BBB Advice on Protecting Your Students from Identity Theft

Classes are beginning for many students across the Bluegrass this week. Whether they are in elementary school or in college, Better Business Bureau® serving Central & Kentucky warns parents that a student can be a prime target for identity theft.

“Children are especially good targets for ID theft because they have zero credit history and no questionable banking transactions in their history,” said Heather Clary, BBB Director of Communications. “A child can have their ID stolen through their Social Security number and you may not find out about it for years.”

College students can also fall victim to identity theft, especially if they are out on their own for the first time. Living in a dorm or shared house and opening financial accounts such as new credit or debit cards can leave students vulnerable to identity theft if they aren’t mindful of keeping their information secure.

Here are some tips for protecting your child’s identity as they head back to school:

· Students should not carry their Social Security card or number with them. Leave it at home locked in a safe place.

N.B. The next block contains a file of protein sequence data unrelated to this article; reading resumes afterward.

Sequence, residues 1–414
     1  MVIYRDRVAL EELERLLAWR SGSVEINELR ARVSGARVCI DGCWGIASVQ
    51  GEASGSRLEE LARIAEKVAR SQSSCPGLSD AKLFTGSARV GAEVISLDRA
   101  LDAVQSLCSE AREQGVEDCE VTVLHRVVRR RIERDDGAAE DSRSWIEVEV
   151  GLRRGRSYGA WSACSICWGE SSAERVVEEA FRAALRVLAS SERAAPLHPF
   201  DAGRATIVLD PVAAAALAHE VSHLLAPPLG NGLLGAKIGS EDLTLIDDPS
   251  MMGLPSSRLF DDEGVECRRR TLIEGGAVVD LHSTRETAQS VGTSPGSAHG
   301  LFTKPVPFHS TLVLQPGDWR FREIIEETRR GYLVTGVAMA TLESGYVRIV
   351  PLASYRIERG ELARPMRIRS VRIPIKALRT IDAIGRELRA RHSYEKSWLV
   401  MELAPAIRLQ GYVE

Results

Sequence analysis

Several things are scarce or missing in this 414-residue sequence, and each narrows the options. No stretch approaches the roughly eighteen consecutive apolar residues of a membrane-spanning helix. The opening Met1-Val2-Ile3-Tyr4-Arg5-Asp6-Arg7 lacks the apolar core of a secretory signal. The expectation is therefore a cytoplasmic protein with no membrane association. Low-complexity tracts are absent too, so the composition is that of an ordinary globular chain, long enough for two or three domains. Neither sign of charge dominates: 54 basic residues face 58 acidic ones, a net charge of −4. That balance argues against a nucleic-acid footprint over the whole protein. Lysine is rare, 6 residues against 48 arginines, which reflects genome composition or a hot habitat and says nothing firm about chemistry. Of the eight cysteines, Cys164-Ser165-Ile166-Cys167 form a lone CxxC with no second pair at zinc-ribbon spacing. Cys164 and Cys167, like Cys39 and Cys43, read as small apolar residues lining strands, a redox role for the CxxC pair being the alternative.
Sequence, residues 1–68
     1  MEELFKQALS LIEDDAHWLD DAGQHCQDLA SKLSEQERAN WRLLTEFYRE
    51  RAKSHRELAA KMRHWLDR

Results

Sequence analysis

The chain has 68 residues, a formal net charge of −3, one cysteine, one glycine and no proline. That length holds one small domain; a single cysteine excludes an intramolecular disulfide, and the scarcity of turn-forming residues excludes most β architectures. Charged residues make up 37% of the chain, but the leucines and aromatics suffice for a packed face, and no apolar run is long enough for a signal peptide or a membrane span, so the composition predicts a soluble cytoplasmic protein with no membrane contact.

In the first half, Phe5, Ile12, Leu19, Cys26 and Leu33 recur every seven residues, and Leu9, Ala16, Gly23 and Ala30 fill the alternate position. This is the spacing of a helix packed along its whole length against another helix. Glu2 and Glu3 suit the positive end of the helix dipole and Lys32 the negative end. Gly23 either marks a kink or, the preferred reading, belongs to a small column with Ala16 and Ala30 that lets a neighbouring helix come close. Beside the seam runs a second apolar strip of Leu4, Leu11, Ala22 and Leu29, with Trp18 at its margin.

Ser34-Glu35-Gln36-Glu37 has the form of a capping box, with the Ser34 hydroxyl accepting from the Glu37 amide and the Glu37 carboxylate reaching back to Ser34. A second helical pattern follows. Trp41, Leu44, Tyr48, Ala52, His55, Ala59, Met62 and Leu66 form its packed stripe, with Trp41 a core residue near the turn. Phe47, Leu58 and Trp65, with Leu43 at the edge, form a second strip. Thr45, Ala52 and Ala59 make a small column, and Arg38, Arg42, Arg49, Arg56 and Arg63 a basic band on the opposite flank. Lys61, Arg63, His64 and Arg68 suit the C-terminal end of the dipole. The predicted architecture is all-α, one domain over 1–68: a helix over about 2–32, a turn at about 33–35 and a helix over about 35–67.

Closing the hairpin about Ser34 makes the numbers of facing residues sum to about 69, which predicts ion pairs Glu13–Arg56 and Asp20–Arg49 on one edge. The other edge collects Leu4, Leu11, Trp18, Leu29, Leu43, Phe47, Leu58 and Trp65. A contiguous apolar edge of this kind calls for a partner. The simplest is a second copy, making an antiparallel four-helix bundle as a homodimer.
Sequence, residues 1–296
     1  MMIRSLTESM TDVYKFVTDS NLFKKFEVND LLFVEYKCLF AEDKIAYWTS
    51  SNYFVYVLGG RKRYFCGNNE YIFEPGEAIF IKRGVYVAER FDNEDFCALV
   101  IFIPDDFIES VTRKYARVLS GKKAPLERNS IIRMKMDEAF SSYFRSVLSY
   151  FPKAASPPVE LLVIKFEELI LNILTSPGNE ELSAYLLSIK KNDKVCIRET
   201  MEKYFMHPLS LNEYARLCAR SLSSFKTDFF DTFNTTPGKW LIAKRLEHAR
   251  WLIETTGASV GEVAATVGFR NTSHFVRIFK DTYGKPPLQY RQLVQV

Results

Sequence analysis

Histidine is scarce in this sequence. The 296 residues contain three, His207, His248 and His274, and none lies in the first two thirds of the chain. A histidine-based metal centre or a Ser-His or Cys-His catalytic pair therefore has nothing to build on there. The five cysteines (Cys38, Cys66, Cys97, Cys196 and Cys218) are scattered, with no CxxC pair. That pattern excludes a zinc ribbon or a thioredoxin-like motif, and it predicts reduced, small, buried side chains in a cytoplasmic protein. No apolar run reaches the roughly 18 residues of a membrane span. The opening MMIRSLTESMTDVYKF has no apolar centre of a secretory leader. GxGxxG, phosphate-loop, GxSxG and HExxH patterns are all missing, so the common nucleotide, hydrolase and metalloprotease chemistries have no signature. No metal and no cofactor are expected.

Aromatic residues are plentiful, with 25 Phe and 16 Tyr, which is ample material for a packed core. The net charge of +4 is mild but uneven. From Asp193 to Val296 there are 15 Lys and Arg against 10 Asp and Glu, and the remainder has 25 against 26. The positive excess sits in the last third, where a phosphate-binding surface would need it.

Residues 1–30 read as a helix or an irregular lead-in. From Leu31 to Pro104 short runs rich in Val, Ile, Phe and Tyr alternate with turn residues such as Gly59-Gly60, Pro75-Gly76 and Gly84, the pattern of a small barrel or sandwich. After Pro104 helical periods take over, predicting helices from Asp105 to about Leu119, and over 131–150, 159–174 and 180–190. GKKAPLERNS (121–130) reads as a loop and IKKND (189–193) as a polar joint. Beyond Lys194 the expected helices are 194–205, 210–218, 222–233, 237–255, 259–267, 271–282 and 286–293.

· If a school asks for a Social Security number, ask questions. Why is it needed? Where and how is this information being stored, and who has access to it?

For college students:

· Carry only what is needed in a wallet or purse (driver’s license, credit/debit cards, etc.) Keep close tabs on laptop computers or other devices that may contain sensitive information. Keep anti-virus software up to date. Store personal documents in a safe or lock box. Make sure to shred any documents that contain personal information before throwing them away.

· Send sensitive mail to your parents’ home or a post office box. School mailboxes are not always secure and often can be accessed easily in a dorm or apartment.

· Protect yourself with strong passwords and PINs. Secure all online accounts with strong passwords. Passwords should be long and unique, and don’t use the same password for multiple accounts. Turn on multi-factor authentication if possible. Make sure all your devices are protected by a password. Learn more about password safety at bbb.org/passwords.

· Be careful using public Wi-Fi, you may be exposing yourself to scammers. If you have access to the university/college Wi-Fi system with a log-in, use that as much as possible for additional security. Do NOT check financial accounts online using public Wi-Fi…wait until you have access to a secure system.

· Never lend your credit or debit card to anyone. Just say “no” if your friend wants to borrow your card or asks you to co-sign for a loan or financing for items.

· Stay on top of your credit. For young adults just starting to develop credit reporting activity, checking your credit report is one of the best ways to catch instances of identity theft. In the U.S., you have the right to check your credit report with each of the three credit bureaus once per year at www.annualcreditreport.com.

Consumers may report scams to BBB Scam Tracker at www.bbb.org/scamtracker.

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